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'Great Expectations' Quotes

Charles Dickens' Autobiographical Novel

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Great Expectations - Charles Dickens

Great Expectations - Charles Dickens

Oxford University Press
Study Guide We can learn a bit more about the life and experiences of Charles Dickens by reading his autobiographical novel, Great Expectations. Of course, the facts are immersed in fiction, which is part of what makes the novel such a masterpiece. Discover the life and misadventures of Pip, the orphaned protagonist of Great Expectations-- with these famous quotes, by Charles Dickens.

Quotes
  • "Now, I return to this young fellow. And the communication I have got to make is, that he has great expectations."
    - Charles Dickens, Great Expectations

  • "Take another glass of wine, and excuse my mentioning that society as a body does not expect one to be so strictly conscientious in emptying one's glass, as to turn it bottom upwards with the rim on one's nose."
    - Charles Dickens, Great Expectations

  • "Mrs. Joe was a very clean housekeeper, but had an exquisite art of making her cleanliness more uncomfortable and unacceptable than dirt itself."
    - Charles Dickens, Great Expectations

  • "It was understood that nothing of a tender nature could possibly be confided to old Barley, by reason of his being totally unequal to the consideration of any subject more psychological than gout, rum, and purser's stores."
    - Charles Dickens, Great Expectations

  • "That was a memorable day to me, for it made great changes in me. But, it is the same with any life. Imagine one selected day struck out of it, and think how different its course would have been. Pause you who read this, and think for a moment of the long chain of iron or gold, of thorns or flowers, that would never have bound you, but for the formation of the first link on one memorable day."
    - Charles Dickens, Great Expectations

  • "I never had one hour's happiness in her society, and yet my mind all round the four-and-twenty hours was harping on the happiness of having her with me unto death."
    - Charles Dickens, Great Expectations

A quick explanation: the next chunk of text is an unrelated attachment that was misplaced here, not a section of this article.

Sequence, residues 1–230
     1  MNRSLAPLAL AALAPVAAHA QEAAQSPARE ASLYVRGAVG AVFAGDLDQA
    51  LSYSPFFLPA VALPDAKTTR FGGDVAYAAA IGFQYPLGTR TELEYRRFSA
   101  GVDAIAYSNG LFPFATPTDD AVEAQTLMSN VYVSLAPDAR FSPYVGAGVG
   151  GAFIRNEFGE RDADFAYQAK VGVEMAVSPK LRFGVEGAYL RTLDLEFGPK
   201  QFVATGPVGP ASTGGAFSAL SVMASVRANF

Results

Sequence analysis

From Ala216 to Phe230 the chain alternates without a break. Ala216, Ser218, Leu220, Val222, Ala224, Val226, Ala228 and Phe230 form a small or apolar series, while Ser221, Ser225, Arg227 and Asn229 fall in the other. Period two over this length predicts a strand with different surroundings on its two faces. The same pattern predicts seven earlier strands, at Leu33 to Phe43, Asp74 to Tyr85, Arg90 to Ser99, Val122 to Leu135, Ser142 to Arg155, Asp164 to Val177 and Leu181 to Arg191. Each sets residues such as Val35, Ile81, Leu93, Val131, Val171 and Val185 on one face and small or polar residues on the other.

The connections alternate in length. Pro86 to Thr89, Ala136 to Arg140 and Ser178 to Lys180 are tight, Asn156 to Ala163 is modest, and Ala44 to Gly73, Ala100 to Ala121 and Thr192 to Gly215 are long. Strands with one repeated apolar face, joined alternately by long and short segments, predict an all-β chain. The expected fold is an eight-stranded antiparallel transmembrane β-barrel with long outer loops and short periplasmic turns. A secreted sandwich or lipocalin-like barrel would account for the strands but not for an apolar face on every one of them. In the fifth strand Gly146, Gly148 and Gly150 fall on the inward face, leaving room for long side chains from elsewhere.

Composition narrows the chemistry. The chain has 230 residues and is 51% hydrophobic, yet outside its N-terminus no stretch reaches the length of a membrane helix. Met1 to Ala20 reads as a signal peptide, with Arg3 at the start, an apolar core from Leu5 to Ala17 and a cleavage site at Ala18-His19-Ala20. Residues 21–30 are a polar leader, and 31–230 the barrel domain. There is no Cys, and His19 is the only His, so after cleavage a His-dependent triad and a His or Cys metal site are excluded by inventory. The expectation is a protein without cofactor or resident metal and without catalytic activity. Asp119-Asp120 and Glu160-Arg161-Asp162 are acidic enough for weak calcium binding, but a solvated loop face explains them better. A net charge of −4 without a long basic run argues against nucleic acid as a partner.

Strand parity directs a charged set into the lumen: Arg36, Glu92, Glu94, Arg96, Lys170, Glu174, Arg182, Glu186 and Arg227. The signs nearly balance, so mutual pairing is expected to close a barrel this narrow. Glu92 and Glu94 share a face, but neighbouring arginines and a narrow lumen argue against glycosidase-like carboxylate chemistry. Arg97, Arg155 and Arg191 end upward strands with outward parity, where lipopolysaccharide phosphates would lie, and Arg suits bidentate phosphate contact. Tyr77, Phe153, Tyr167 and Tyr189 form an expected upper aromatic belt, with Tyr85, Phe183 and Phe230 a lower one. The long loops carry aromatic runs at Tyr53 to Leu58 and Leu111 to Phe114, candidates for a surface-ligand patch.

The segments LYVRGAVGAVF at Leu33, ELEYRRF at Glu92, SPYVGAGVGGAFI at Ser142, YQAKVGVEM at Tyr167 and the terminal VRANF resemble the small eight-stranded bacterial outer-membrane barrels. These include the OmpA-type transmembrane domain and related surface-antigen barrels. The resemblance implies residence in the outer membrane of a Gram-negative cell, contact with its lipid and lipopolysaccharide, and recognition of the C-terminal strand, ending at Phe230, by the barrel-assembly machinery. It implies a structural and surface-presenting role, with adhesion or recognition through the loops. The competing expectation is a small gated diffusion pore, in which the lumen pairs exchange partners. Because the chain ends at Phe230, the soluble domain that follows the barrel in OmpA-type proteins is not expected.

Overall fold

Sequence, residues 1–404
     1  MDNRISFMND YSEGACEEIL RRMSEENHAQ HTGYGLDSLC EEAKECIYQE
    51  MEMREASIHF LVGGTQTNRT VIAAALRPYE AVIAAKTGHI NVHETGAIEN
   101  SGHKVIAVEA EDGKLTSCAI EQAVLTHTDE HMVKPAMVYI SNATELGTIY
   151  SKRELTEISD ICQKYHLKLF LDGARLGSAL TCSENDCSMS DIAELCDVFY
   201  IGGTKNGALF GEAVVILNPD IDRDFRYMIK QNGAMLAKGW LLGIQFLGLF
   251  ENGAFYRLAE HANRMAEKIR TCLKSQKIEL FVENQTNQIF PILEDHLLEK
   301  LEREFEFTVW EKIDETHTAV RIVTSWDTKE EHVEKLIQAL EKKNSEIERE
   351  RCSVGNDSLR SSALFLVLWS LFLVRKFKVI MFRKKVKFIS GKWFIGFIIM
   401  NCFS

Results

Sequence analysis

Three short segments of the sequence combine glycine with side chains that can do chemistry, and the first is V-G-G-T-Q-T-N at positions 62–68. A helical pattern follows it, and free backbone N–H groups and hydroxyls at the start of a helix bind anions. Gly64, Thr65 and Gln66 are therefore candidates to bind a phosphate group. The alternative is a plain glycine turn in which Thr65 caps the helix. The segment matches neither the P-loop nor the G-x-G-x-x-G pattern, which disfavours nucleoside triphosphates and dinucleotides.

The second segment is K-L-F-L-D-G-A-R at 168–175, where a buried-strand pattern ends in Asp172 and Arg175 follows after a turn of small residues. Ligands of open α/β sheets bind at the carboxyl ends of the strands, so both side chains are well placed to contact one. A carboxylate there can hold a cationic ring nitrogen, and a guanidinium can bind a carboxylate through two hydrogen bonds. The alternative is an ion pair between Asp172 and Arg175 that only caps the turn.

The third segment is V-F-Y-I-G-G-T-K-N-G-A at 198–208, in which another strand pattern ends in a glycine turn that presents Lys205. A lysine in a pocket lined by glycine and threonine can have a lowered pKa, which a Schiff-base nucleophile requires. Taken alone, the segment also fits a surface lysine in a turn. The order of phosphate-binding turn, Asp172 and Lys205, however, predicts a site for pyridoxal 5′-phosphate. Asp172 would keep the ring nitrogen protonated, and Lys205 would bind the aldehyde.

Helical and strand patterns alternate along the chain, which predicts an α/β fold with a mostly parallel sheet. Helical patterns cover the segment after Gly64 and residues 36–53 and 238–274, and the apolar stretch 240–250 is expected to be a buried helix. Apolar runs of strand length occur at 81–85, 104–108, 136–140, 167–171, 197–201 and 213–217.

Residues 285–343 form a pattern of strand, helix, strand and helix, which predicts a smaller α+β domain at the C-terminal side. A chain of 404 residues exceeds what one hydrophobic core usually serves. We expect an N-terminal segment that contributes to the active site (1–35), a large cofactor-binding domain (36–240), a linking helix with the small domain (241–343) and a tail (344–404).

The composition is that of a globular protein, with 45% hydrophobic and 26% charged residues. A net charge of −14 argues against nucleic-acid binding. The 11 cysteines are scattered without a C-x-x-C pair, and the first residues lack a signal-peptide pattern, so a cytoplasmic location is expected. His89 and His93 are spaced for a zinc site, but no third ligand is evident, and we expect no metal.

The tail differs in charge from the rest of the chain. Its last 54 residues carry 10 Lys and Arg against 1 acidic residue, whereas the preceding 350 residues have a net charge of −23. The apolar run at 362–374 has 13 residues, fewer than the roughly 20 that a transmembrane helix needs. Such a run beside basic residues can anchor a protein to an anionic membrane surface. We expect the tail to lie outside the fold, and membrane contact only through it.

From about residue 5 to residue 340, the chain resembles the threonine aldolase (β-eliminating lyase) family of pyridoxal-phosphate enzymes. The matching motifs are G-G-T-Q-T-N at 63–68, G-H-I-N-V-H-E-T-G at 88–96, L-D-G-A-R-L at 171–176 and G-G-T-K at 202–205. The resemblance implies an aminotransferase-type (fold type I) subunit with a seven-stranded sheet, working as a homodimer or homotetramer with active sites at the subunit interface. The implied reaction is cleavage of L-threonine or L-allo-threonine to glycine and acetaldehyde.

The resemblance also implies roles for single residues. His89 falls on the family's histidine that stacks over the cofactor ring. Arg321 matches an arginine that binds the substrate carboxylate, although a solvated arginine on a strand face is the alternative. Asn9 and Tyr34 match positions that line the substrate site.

• "So now, as an infallible way of making little ease great ease, I began to contract a quantity of debt."
    - Charles Dickens, Great Expectations

  • "It was one of those March days when the sun shines hot and the wind blows cold: when it is summer in the light, and winter in the shade."
    - Charles Dickens, Great Expectations

  • "Take nothing on its looks; take everything on evidence. There's no better rule."
    - Charles Dickens, Great Expectations

  • "Some medical beast had revived tar-water in those days as a fine medicine, and Mrs. Joe always kept a supply of it in the cupboard; having a belief in its virtues correspondent to its nastiness. At the best of times, so much of this elixir was administered to me as a choice restorative, that I was conscious of going about, smelling like a new fence."
    - Charles Dickens, Great Expectations

  • "We spent as much money as we could, and got as little for it as people could make up their minds to give us. We were always more or less miserable, and most of our acquaintance were in the same condition. There was a gay fiction among us that we were constantly enjoying ourselves, and a skeleton truth that we never did. To the best of my belief, our case was in the last aspect a rather common one."
    - Charles Dickens, Great Expectations

  • "All other swindlers upon earth are nothing to the self-swindlers, and with such pretenses did I cheat myself. Surely a curious thing. That I should innocently take a bad half-crown of somebody else's manufacture, is reasonable enough; but that I should knowingly reckon the spurious coin of my own make, as good money!"
    - Charles Dickens, Great Expectations

  • "In a word, I was too cowardly to do what I knew to be right, as I had been too cowardly to avoid doing what I knew to be wrong."
    - Charles Dickens, Great Expectations

  • "Heaven knows we need never be ashamed of our tears, for they are rain upon the blinding dust of earth, overlying our hard hearts."
    - Charles Dickens, Great Expectations

  • "So, throughout life, our worst weaknesses and meannesses are usually committed for the sake of the people whom we most despise."
    - Charles Dickens, Great Expectations

  • "I was always treated as if I had insisted on being born, in opposition to the dictates of reason, religion, and morality, and against the dissuading arguments of my best friends."
    - Charles Dickens, Great Expectations

  • "And could I look upon her without compassion, seeing her punishment in the ruin she was, in her profound unfitness for this earth on which she was placed, in the vanity of sorrow which had become a master mania, like the vanity of penitence, the vanity of remorse, the vanity of unworthiness, and other monstrous vanities that have been curses in this world?"
    - Charles Dickens, Great Expectations

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